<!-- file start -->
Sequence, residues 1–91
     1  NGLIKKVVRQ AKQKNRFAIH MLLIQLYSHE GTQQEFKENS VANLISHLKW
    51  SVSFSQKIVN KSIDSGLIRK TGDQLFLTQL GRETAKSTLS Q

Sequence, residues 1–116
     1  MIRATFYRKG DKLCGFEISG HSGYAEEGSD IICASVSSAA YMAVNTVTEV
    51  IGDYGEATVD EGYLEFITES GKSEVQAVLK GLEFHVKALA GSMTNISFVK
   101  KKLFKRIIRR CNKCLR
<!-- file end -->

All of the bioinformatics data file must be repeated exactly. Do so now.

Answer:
Sequence, residues 1–91
     1  NGLIKKVVRQ AKQKNRFAIH MLLIQLYSHE GTQQEFKENS VANLISHLKW
    51  SVSFSQKIVN KSIDSGLIRK TGDQLFLTQL GRETAKSTLS Q

Sequence, residues 1–116
     1  MIRATFYRKG DKLCGFEISG HSGYAEEGSD IICASVSSAA YMAVNTVTEV
    51  IGDYGEATVD EGYLEFITES GKSEVQAVLK GLEFHVKALA GSMTNISFVK
   101  KKLFKRIIRR CNKCLR